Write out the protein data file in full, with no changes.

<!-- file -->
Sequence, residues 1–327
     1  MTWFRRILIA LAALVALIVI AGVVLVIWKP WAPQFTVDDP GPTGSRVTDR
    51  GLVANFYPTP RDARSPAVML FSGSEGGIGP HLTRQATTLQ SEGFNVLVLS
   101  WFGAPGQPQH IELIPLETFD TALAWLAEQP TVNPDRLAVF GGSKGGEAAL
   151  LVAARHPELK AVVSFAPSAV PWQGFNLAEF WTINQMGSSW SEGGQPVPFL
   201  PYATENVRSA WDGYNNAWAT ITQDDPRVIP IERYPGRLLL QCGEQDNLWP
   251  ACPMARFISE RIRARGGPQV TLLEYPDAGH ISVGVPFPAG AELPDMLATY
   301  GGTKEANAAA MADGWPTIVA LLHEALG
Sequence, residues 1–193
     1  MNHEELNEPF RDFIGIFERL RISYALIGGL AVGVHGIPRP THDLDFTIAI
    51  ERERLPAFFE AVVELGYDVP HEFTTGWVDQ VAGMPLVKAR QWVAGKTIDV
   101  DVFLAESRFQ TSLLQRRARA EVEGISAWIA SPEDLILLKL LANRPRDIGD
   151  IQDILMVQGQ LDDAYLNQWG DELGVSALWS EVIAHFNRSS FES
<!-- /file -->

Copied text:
Sequence, residues 1–327
     1  MTWFRRILIA LAALVALIVI AGVVLVIWKP WAPQFTVDDP GPTGSRVTDR
    51  GLVANFYPTP RDARSPAVML FSGSEGGIGP HLTRQATTLQ SEGFNVLVLS
   101  WFGAPGQPQH IELIPLETFD TALAWLAEQP TVNPDRLAVF GGSKGGEAAL
   151  LVAARHPELK AVVSFAPSAV PWQGFNLAEF WTINQMGSSW SEGGQPVPFL
   201  PYATENVRSA WDGYNNAWAT ITQDDPRVIP IERYPGRLLL QCGEQDNLWP
   251  ACPMARFISE RIRARGGPQV TLLEYPDAGH ISVGVPFPAG AELPDMLATY
   301  GGTKEANAAA MADGWPTIVA LLHEALG
Sequence, residues 1–193
     1  MNHEELNEPF RDFIGIFERL RISYALIGGL AVGVHGIPRP THDLDFTIAI
    51  ERERLPAFFE AVVELGYDVP HEFTTGWVDQ VAGMPLVKAR QWVAGKTIDV
   101  DVFLAESRFQ TSLLQRRARA EVEGISAWIA SPEDLILLKL LANRPRDIGD
   151  IQDILMVQGQ LDDAYLNQWG DELGVSALWS EVIAHFNRSS FES